Often we think of mental toughness as being an assertive force, something that drives us on and gives us belief that we can, and will win. Mental toughness is the motivator that takes you to the field not just to show up, but compete with confidence – no matter who you are facing. It is the factor that gives you the confidence to take blows and still keep going. It is the armour that protects your mind from the fear of failure. And like armour it is not easily made, but if you put the work in to make it strong you will be far ahead of your competition.
After his Stevenage team earned a convincing win against one of the bigger clubs in the league, one of the more successful lower league managers in English soccer, Graham Westley, told a local radio station that “I don’t think we ever really care too much about clubs’ reputations. Games get won by the 11 players that play any football match on any day. They don’t get won by the size of your history, the size of your fanbase, or the size of your wage bill, they’re won by the size of the hearts, the cleverness of the brains and the strength of the legs in the players on the day.”
Westley, much maligned by many for his philosophical approach and psychological mind-games cannot be accused of a lack of belief in himself, or the teams he builds. He approaches every challenge with a self-belief that irritates friends and infuriates foes, and sometimes infuriates friends as well.
Mental toughness is the armour that protects the mind even before the competition begins. It is the driving force that says we can win even if we get hit. It is the motivation to put one foot in front of another and head to the field of competition. It is the reason a small team like Stevenage can beat bigger opponents, and why smaller teams can beat them. But armour takes three components that we must apply to our mindset. It is also the tool we use to overcome fear of failure – we can always learn and we will always get back up again.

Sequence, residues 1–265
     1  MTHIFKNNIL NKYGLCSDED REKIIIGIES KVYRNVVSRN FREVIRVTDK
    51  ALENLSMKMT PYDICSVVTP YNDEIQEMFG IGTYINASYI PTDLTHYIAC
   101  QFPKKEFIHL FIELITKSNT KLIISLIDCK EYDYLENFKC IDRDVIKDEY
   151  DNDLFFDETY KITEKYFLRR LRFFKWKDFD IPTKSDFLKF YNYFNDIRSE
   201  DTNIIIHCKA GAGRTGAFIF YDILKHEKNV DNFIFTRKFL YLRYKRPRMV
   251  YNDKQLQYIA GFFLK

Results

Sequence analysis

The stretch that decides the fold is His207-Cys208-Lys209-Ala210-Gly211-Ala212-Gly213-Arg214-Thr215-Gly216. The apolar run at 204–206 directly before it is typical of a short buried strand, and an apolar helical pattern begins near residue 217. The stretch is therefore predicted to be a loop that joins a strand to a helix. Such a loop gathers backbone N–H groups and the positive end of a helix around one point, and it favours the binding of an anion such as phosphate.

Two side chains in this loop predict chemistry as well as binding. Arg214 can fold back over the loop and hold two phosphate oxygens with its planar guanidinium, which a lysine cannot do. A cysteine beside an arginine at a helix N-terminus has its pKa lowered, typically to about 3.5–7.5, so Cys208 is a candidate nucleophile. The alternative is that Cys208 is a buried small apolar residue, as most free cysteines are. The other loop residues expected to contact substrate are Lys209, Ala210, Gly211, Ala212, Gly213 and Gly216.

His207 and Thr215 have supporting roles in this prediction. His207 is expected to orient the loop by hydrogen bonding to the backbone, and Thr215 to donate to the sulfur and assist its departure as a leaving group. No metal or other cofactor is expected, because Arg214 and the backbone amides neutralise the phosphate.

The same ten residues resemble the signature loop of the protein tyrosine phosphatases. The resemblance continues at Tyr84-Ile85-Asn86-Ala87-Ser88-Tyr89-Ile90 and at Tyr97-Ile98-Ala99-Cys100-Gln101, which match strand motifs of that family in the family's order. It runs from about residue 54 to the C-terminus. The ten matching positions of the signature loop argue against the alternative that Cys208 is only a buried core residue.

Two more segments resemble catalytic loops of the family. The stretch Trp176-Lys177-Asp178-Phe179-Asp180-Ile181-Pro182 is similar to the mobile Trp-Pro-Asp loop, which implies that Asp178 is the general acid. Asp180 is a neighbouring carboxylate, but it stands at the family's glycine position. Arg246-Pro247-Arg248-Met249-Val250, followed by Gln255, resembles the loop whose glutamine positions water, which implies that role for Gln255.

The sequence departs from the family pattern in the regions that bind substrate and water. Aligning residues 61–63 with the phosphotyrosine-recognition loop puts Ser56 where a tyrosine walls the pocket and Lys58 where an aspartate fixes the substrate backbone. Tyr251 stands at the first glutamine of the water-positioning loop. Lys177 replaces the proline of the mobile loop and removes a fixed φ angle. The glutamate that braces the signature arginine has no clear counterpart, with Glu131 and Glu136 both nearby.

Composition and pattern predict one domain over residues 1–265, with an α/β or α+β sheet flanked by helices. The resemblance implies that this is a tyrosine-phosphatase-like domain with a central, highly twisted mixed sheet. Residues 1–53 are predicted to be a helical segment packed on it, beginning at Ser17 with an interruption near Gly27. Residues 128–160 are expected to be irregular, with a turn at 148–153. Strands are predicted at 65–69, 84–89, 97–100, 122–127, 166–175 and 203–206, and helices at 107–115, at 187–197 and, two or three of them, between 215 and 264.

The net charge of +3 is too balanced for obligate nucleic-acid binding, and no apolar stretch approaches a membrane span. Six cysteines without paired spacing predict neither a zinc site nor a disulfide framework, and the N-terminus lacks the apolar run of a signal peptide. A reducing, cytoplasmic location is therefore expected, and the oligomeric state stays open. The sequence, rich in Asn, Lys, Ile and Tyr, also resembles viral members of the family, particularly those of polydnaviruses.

This is more than simply hoping for a result or wishful thinking. Wishful thinking does not bring about confidence, and will not bring about results. Wishful thinking is not based on hard work, dedication, or persistence. Mental toughness isn’t a “thing” or system of beliefs based on hope and unicorn farts. Mental toughness, like physical toughness, comes about through hard work and focus. It is grown from adversity, an openness to challenge, and doing what needs to be done, even when you don’t want to.
Here are the three takeaways for today:
1 – You need raw materials. Without a certain level of skill, which can only come from practice and dedication, confidence will always be lacking. You may not have the skill level you want to be at today, but practice will increase skill, and with it your determination builds mental toughness.
2 – You need the right tools. A blacksmith with an anvil that moved around and failed to absorb the hammer blows would not have been any use. Likewise, the right support system is needed for someone wanting to improve their mental toughness. Find a coach who will challenge you, and find friends who will support you and push you to be better. Be around people who have high expectations of you and believe in you.
3 – You need flexibility. Just as armour couldn’t be manipulated into something useful without fire, neither can the mind grow without adversity and challenges. Be open to new ideas, new experiences, and don’t be afraid to fail and own it.
Mental toughness is practicing in the pouring rain when the opponent isn’t. It is running that extra 100m when your legs gave up a mile ago. It is getting back on the beam when you fell for the third time. It is picking the ball out of the net for the fourth time and still giving everything for the full 90 minutes. It is leaving it all on the field, because anything else is less than you owe yourself and your team for all the work you put into being there to start with.
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